In the last two posts, I’ve explored the ancient Roman context of homosexuality. This, of course, will help color in the borders of the portrait that the New Testament paints—and yes, we’ll get to the New Testament in due time. I don’t want to attempt to broadcast what the New Testament says about such a delicate issue until I have understood the world in which it was written. We must first find out what the Bible meant to them before we can accurately know what it means for us.

For this post, I want to address the common view that Paul did not know about same-sex orientation. That is, he didn’t know what we now know (do we?) about biology playing a huge role in shaping one’s attraction. And so some say that if Paul only knew that same-sex attraction was determined, or influenced, at birth, he greek homo 1would not have said the things he did in Romans 1 and elsewhere.

Regardless of what Romans 1 means—which we’ll get to soon enough—this argument is historically fallacious.

Again, it is (obviously) true that we moderns have a much clearer (though still clouded) perspective on the biological and societal influence on homosexual behavior. And it’s also true that we now believe that the earth revolves around the sun. However, and again, I think this is overplayed. (The bit about orientation, not the earth and sun.) While the ancients didn’t have a highly developed understanding of potential biological causes of homosexual behavior, they did speculate at times about “nature” causing some men to desire to have sex with other men.

Aristotle, for instance, said that some homoerotic desires come from habit, but others spring from nature (Eth. 1148b, lines 28-34). In other words, some people are born with same sex desires. Another Greek writer (pseudo-Aristotelian Problemata 4.26) says that the desire of some males to play the passive role in intercourse is due to a “physiological abnormality.” The details are bizarre and scientifically bogus. But the point is: this writer believed that biology played a role. A second century Roman physician named Soranus disagrees that such behavior is physiological, but argues that it’s a result of some defect in the mind or spirit (De morbis chronicis 4:131, 132, 134). This view seems to be shared by Philo, the Hellenistic Jewish philosopher, who talks about “the disease of effeminacy in their souls” (VCon 60; Ab 136). A similar perspective is shared by fifth century Greek physician Hippocrates, who believed that “the conditions of both male effeminacy and female mannishness are determined genetically” (Thomas Hubbard referring to Hippocrates On Regimen, 1.28-29).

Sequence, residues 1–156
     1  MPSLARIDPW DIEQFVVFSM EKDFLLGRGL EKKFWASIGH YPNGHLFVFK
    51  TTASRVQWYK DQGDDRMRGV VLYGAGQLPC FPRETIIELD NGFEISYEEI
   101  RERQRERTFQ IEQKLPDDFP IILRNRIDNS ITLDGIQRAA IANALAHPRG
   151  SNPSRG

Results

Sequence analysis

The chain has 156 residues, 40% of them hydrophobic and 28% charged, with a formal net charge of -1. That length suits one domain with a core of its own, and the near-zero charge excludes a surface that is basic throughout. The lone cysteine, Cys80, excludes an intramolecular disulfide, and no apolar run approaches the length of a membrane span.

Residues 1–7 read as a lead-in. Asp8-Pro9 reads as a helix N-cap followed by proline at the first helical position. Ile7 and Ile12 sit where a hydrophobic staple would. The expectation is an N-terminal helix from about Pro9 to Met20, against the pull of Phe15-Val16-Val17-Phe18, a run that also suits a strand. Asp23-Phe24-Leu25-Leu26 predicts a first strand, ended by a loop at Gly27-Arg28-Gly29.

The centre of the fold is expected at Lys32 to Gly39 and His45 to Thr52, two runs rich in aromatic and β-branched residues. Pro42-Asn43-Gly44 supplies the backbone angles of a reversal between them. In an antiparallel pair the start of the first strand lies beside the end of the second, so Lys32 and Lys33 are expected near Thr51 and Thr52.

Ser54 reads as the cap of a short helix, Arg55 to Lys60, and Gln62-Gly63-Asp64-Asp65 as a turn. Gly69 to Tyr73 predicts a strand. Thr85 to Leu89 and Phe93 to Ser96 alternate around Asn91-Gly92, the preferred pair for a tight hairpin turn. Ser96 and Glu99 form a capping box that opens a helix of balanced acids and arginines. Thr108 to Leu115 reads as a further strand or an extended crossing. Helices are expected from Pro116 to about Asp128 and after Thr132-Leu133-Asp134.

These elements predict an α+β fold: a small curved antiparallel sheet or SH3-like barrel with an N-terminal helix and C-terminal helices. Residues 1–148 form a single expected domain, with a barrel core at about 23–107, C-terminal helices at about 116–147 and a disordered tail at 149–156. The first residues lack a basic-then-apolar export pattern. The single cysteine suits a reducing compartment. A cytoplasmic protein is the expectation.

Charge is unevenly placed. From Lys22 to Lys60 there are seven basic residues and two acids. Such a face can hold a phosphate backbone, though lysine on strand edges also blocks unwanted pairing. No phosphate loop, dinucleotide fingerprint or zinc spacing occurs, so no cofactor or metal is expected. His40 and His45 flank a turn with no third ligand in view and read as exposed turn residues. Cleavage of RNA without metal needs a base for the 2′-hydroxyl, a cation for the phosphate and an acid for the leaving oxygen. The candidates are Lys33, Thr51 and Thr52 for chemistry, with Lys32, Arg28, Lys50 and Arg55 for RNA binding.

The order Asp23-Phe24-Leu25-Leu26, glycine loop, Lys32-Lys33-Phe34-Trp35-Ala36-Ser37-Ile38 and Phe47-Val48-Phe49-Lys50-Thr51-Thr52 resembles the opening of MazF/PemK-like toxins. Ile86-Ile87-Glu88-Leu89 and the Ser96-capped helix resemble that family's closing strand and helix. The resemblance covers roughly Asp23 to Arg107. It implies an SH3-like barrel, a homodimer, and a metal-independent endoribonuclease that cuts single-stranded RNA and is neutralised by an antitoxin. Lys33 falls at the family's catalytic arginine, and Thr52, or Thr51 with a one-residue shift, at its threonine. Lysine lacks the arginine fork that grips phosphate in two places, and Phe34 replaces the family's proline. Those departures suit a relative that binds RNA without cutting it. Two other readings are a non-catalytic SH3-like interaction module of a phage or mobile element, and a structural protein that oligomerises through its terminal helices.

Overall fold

One of the most fascinating speculations is found in Phaedrus, who wrote his Fable around the time of Jesus. Phaedrus wonders why some women prefer women, and some men prefer men. He says (jokingly?) that the god Prometheus got drunk and attached male genitilia to women, and women

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genitilia to men. In other words, some women are born trapped in men’s bodies while some men are trapped in women’s bodies (Phdr. 4.16). Sounds like an ancient myth about why some people are transsexual.

Now, to be sure, biological speculations such as these are relatively few. Most writers just talked about the same-sex activity of some individuals without referring to biological causes. In any case, to say that the ancients had no idea about biological influences over sexual orientation is—from everything I’ve read thus far—wrong.

What does this mean for interpreting the New Testament passages about homosexual activity? I’ll conclude with two observations.